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    British civil aircraft. WW1.

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alancmlaird's Achievements

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  1. Regarding the PC10, that's my own mix, formulated to match original Windsor & Newton traditional gouache colours of Yellow Ochre and Lamp (or Carbon) Black in the proportions specified by RFC, I then translated it to Humbrol enamels. I'm satisfied I got the mix pretty close, as sometimes on the model the paint looks brown, and sometimes green depending on the lighting. The nice thing about doing a custom mix, is that the next time is bound to be very slightly different - just like the real thing!
  2. So used to 1/72 being "the only true scale" that I forgot to mention that's what the DH2 is!!
  3. Another slowly finished model like my DH5, the Revell kit from the 1960s. If you are thinking of building one - don't. My build-up of this is somewhere on BM, but really, the only uncorrected bits are the wings. Buy a Roden kit instead. Anyway, here it is... ....then again, the kit's cheap, and if you work at it you can make an ok model. Just don't say I didn't warn you.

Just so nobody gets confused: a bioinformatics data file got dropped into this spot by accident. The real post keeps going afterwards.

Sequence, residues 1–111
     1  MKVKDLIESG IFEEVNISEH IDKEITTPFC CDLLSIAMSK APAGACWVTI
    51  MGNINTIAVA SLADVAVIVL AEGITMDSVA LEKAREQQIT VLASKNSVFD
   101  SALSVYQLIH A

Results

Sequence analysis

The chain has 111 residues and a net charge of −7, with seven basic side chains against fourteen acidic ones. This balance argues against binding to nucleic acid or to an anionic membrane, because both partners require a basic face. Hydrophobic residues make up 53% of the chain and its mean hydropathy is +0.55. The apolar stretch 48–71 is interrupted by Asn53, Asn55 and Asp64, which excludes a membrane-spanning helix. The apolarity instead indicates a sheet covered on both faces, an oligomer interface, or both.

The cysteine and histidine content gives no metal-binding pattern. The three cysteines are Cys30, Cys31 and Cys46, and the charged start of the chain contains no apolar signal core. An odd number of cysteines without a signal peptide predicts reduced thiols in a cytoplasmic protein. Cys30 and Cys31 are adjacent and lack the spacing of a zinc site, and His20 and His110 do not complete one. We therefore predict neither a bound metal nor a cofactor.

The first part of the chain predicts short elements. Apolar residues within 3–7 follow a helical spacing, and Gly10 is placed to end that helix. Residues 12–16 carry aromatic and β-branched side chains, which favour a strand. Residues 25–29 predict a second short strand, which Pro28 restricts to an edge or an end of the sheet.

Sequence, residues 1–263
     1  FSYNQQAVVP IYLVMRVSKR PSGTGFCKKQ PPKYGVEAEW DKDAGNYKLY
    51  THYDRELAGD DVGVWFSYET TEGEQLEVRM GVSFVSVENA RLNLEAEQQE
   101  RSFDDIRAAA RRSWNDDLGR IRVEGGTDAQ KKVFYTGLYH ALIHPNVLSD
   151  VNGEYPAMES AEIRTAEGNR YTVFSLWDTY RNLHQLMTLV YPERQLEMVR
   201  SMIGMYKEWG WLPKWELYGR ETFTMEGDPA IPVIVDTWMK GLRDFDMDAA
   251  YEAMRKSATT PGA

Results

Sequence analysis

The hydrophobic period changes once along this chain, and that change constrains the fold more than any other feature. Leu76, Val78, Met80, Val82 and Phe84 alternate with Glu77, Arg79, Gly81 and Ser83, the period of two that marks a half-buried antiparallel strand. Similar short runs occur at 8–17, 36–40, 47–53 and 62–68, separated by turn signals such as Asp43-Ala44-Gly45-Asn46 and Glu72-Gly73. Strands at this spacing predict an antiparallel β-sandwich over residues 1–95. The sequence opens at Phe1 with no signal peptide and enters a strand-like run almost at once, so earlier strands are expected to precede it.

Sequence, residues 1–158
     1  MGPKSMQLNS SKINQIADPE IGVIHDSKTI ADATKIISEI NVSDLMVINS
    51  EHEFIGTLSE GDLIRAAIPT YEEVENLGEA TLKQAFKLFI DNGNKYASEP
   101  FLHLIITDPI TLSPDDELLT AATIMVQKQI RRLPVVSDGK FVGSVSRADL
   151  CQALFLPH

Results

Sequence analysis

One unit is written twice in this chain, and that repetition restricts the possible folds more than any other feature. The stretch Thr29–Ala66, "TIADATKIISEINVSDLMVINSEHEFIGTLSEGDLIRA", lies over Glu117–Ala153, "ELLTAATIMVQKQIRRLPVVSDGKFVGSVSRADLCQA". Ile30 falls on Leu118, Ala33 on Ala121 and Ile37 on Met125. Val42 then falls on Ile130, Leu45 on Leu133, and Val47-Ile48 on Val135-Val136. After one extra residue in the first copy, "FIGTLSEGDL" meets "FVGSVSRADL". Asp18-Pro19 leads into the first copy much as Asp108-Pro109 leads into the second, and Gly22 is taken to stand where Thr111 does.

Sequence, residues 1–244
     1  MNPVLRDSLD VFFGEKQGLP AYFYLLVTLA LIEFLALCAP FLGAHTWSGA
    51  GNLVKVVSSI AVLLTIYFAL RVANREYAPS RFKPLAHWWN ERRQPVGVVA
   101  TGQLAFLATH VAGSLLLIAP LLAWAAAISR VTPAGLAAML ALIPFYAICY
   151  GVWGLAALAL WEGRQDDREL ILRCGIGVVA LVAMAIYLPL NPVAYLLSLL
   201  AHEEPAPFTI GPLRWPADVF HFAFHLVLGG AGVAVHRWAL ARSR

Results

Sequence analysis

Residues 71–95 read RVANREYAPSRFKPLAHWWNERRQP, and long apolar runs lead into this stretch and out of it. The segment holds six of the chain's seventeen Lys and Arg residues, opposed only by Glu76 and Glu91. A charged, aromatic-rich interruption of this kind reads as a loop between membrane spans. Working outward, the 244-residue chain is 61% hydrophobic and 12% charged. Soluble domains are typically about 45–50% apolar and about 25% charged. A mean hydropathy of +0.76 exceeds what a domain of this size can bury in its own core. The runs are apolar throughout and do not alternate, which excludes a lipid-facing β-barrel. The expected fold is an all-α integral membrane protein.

4. Since KP have just released a new DH5 kit in 1/72, I thought it was about time I finished my Merlin Models one from the 1980s! Really, despite its age and simplicity, its a good kit and very accurate, though I replaced the whitemetal wheels and prop with plastic spares (the engine and cowling were fine). The only other deficiency was the undercarriage wind-driven pump, which was just a shapeless bump on the moulding so I re-did it. Done and dusty, I can see a few interplane wires need taughtened - they are stretched silver sprue so a bit of a waft with a smoky match (thanks for that tip @John Aero) should sort that, plus some minor retouching on my early home-made decals to make perfect (to my should-have-gone-to-Specsavers eyesight at any rate!).
  5. Did that very thing 50 years ago from a Frog Oxford to a Courier (I'd already done the Oxford to Envoy conversion!) I never quite finished it (it really wasn't very good) and, in the days before laser printers and computers, the only option was to hand paint the lettering. I still have it somewhere - I'll post a pic if its not too embarassing . Might inspire you to have a go and make a better job of it.
  6. While not being able to add anything historical to this truly fascinating thread, I hope I'm not staing something everone else already knows - that the name 'Menzies' is of Scottish origin and should correctly be pronounced 'Ming-is' (hence the abrv. name of Scottish Liberal politician Ming (Menzies) Campbell. This would make more sense of the S. African spelling of 'Meintjes' being simply an Africaans phonetic rendering. Hopefully this might help anyone attempting to track Henry Menzies/Meintjes' history regarding Handley page involvement, and let the British press off the hook for spelling failures!
  7. I had an unfortunate occurance with a 1/72 Revell Camel and some after-market decals probably designed for the Roden kit - they didn't fit because the Revel kit is smaller!